Wrap up: all you need to know about the Government's COVID-19 wage subsidy scheme
This commentary applies to wage subsidies made under scheme after 4pm on 27 March 2020.
Wage subsidies are available for businesses significantly impacted by COVID-19.
The subsidy is for 12 weeks. It is:
· $585.80 per week for a full-time employee (20 hrs or more)
· $350.00 per week for a part-time employee (less than 20 hrs).
The payment is made as a lump sum to the employer - $7,029.60 for a full-time employee and $4,200 for a part-time employee.
Sole traders and the self-employed are an "employee" for the purposes of this subsidy.
The wages subsidy is available for businesses that have experienced a 30% decline in revenue (actual or predicted) that is related to COVID-19 for any four weeks between January and 9 June 2020 compared to the year before.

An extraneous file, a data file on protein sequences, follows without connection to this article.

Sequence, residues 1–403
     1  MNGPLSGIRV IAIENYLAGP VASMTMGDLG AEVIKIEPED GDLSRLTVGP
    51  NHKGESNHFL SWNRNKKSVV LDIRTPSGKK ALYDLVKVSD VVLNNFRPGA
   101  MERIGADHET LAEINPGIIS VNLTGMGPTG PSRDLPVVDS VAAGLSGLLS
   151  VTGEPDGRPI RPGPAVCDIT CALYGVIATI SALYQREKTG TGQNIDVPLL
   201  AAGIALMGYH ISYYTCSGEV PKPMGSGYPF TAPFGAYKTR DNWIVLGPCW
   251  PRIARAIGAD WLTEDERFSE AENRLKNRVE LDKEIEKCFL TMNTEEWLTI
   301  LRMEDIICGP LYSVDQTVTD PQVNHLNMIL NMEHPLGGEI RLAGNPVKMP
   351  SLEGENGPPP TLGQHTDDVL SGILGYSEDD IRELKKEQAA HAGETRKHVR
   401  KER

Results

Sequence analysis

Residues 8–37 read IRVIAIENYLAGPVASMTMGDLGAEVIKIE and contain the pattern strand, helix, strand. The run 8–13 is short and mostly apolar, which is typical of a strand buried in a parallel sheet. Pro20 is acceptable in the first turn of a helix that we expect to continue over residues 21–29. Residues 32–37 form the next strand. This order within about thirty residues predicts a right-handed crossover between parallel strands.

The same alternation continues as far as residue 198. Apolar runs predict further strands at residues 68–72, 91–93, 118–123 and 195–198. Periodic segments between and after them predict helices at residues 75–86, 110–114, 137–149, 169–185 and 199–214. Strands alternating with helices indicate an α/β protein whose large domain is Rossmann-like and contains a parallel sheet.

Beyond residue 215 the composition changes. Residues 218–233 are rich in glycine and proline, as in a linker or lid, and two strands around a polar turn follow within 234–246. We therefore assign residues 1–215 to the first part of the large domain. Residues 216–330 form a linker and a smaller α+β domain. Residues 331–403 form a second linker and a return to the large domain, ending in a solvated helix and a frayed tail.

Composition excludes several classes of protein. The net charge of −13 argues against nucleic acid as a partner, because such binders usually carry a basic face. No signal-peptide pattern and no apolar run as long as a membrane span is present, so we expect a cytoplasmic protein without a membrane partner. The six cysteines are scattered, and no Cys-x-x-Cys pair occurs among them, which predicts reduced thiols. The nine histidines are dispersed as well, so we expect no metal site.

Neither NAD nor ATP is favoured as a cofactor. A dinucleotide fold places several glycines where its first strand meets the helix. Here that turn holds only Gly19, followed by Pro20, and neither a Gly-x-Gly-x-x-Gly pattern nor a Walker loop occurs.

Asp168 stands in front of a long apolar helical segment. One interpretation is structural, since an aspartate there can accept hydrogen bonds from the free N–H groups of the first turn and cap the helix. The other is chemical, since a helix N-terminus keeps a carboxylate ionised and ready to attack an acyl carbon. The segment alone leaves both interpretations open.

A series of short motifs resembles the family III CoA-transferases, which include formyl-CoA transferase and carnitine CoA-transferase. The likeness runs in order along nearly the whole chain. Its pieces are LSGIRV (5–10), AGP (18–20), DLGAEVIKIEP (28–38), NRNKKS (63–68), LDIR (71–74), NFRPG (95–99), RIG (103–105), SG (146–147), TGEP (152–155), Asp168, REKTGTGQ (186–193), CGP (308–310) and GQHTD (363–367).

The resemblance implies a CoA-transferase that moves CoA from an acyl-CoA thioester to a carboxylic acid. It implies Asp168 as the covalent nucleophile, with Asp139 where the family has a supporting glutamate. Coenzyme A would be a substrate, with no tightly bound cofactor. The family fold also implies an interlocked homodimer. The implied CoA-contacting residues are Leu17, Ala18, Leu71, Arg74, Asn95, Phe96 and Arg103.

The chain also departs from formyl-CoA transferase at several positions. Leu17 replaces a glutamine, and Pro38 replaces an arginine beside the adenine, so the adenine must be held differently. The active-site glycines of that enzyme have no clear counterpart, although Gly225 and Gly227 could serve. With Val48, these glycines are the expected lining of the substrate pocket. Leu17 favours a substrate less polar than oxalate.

To qualify for the subsidy, the business must:
· be physically located in New Zealand
· if the employers is a company, it must be registered with the NZ Companies Office
· have employees that are legally working in New Zealand
· have taken active steps to mitigate the impact of COVID-19 before making the application (including but not limited to engaging with your bank, drawing on your cash reserves as appropriate and making an insurance claim);
· retain the employees for the period of the subsidy.
The subsidy applies to the following businesses:
· sole traders
· self-employed persons
· registered charities
· non-government organisations
· incorporated societies
· post-settlement governance entities.
Decline in revenue